by Ivan Foley
A kitchen table tour.
That’s what gubernatorial candidate Sarah Steelman is calling a 16-day trip around the state aboard an RV-style bus to meet with potential voters in small groups, often meeting in the kitchens and living rooms of everyday folks.
Thursday, on just the second day of her cross-state adventure, Steelman’s bus pulled into the drive of John and Julie Elliott, who live in eastern Platte County not far from the Clay County line. Steelman later invited The Landmark aboard the bus as the tour continued with a visit to a residence just outside of Kearney. (Click here to see Landmark photos of her area stops)
At her Platte County stop, around 30 people made their way into the kitchen area of the Elliott home to hear the Republican candidate outline her goals and to allow her the opportunity to hear what’s on the minds of area voters.
“I grew up around the kitchen table, talking politics with my family. Everyone deserves a seat at the table,” said the current state treasurer, who is opposing Congressman Kenny Hulshof in the GOP gubernatorial primary to be held Aug. 5.
Democrat Jay Nixon, basically unopposed in his party’s primary, is expected to await the Steelman/Hulshof winner on the November general election ballot.
“The people of this state need a voice. Putting people first. . . that’s what I’ll do as governor,” Steelman said.
In her travels, she’s hearing--and talking--a lot about the economy.
“The high cost of milk and food and gas. People are struggling with that,” Steelman said.
On the topic of gas prices, Steelman’s suggestion is to eliminate the state’s mandate on ethanol.
“I’m a free market economist. I believe the free market should set the price, not the government,” said Steelman, who maintains the ethanol mandate has actually driven up the cost of a gallon of gas rather than lower it, which supporters of the ethanol mandate claim.
About half the people who were present in the room have direct ties to agriculture, so Steelman wasn’t sure how her stance would be received in that setting. But those in attendance listened politely and no one challenged her comments. One of her hosts joined in to also question the effectiveness of the ethanol mandate.
“Yes, it drives up the price (paid to corn producers) but it also drives up gas prices, so is it really helping?” John Elliott said.
Steelman touched on the need for an ethics reform policy.
“We don’t need politicians voting on programs that benefit themselves,” she remarked.
She also said there are differences in valuing a tax dollar between herself and Hulshof.
“I don’t believe my opponent has respect for your money,” she said, pointing out the earmarks that Hulshof supported in past Congressional votes.
“He is spending money like he has forgotten it is your money. We need somebody who can manage the budget and spend your hard-earned money wisely,” she continued.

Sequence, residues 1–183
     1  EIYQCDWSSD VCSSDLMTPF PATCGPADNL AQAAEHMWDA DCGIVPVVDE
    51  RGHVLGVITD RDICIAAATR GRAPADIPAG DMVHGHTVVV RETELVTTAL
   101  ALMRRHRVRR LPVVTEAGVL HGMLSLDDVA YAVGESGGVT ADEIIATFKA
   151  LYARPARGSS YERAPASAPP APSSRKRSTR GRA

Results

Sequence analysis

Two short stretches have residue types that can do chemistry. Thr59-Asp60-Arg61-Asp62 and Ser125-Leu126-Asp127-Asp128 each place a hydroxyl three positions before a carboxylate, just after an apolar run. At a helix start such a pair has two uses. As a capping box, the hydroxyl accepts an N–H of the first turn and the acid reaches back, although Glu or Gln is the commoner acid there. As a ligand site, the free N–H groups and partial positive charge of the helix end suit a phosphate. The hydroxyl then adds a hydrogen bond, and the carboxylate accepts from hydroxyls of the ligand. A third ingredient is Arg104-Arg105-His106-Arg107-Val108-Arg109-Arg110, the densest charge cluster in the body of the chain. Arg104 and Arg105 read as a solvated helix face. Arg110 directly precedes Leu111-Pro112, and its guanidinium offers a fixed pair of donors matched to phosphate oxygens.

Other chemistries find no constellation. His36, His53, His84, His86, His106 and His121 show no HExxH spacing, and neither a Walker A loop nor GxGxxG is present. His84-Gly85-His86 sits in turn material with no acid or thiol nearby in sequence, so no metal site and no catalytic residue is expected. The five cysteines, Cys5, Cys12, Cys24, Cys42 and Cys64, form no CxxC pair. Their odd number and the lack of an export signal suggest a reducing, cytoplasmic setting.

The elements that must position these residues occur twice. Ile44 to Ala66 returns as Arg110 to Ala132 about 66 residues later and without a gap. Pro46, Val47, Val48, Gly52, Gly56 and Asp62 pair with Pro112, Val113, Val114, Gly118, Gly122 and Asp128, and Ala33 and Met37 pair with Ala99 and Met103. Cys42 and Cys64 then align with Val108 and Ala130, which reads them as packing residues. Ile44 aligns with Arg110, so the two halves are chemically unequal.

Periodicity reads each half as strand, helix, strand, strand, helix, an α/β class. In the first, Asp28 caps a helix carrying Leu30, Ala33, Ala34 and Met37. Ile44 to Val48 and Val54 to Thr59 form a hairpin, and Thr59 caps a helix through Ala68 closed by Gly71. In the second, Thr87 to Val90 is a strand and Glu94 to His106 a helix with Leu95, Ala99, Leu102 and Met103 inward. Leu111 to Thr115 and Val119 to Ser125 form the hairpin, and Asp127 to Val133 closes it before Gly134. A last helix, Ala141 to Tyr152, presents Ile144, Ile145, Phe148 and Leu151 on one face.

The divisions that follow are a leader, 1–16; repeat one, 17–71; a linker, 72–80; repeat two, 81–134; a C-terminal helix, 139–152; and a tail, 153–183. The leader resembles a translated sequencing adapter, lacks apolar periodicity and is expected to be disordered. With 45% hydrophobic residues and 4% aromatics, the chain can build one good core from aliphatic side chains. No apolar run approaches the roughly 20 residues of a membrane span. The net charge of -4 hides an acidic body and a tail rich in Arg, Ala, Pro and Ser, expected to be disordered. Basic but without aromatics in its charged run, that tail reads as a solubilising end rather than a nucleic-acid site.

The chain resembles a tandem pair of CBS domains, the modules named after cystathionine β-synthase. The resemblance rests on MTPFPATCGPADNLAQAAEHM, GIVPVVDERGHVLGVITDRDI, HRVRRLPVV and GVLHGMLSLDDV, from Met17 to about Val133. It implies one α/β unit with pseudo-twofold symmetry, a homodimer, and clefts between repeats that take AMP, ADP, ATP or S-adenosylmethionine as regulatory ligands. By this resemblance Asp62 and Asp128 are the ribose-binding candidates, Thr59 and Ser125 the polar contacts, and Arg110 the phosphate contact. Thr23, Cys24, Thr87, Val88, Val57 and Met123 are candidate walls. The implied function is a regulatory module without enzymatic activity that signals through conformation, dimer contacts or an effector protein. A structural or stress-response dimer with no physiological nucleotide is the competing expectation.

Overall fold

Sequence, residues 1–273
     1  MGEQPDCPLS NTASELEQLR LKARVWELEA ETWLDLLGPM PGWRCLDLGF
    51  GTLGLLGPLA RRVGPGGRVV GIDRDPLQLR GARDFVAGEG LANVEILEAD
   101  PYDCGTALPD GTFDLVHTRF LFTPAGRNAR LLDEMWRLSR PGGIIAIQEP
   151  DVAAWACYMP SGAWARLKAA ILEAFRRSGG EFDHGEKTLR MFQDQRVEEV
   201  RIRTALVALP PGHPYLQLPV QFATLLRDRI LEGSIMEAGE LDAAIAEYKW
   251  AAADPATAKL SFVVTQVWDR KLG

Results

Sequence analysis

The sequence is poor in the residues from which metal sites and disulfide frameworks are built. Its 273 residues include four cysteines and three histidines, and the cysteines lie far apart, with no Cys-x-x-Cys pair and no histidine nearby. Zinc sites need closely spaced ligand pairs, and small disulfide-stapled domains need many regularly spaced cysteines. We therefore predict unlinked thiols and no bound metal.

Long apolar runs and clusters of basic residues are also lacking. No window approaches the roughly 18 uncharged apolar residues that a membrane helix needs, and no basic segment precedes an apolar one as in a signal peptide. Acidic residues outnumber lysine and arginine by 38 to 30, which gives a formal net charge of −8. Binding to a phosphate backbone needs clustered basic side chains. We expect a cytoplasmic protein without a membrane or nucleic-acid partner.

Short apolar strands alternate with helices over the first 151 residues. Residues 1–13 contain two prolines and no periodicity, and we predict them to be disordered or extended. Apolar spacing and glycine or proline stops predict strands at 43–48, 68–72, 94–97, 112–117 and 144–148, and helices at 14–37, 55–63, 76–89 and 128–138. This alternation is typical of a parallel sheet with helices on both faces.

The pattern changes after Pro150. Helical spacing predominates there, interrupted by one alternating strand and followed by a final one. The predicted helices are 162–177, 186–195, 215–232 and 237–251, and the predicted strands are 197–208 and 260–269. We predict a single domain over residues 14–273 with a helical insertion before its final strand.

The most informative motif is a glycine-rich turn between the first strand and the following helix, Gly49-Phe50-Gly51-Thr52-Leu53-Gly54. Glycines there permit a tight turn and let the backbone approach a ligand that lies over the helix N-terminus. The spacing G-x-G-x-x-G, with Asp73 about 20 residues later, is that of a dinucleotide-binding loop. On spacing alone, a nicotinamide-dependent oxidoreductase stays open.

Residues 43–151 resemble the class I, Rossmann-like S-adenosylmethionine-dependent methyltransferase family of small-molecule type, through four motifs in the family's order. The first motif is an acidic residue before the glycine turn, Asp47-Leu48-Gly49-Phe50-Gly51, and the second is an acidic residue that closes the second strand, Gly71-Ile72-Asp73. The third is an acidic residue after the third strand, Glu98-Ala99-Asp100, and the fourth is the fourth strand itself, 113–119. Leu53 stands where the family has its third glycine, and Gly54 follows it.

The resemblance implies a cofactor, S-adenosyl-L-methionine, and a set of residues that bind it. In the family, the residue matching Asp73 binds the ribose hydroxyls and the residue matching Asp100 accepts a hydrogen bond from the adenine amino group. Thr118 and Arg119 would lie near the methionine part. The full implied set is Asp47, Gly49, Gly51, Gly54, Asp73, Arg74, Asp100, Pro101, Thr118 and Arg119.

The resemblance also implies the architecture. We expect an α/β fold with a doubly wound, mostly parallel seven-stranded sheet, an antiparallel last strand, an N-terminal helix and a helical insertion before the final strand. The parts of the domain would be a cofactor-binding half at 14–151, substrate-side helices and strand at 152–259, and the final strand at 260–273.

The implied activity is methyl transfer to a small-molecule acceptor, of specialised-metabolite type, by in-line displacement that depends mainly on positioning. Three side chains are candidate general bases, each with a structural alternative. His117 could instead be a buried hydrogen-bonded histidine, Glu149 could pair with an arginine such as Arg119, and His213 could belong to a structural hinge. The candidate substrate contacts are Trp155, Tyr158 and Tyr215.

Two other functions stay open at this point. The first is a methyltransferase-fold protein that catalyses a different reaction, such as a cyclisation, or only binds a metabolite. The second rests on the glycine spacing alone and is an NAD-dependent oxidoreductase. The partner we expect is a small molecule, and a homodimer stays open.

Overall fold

Later, on the bus with a reporter from the Kansas City Star and The Landmark listening in, Steelman continued to poke away at what she believes is an incorrect perception about her opponent. She says anyone who views Hulshof as a fiscal conservative isn’t looking at the facts.
“My opponent calls himself a fiscal conservative but his record in Congress goes against that. You can’t call yourself a fiscal conservative and continue to spend taxpayer dollars on wasteful projects,” she stated, referencing earmarks Hulshof has supported such as the Alaskan Bridge to Nowhere, the Maine Lobster Institute, the Perfect Christmas Tree exhibit and the Woodstock concert hall.
At the Elliott home and again inside the RV, Steelman reiterated her opposition to the Missouri Assessment Program (MAP) testing in the state’s high schools. She supports the idea of putting the American College Test (ACT) in its place.
She said there is a lot of “preoccupation” with MAP testing, perhaps too much focus on teaching to the test itself. Her stance brought agreement from a private school teacher in the audience, who said that if teachers spend all their time teaching to the test it negates the fact test scores are higher.
In a conversation on the tour bus, Steelman said she would have opposed the No Child Left Behind act, which Hulshof supported. She said she would have opposed it on the grounds that it was the federal government getting involved in what should be more local education issues.
Steelman’s tour through the northwest part of the state on Thursday included stops in Savannah, St. Joseph, Platte County, Kearney and Liberty.
It was at least the third time Steelman has brought her campaign to Platte County. In the spring she spoke at the Platte County Administration Building and earlier this month she and Hulshof both spoke at an event sponsored by the Platte County Pachyderm Club.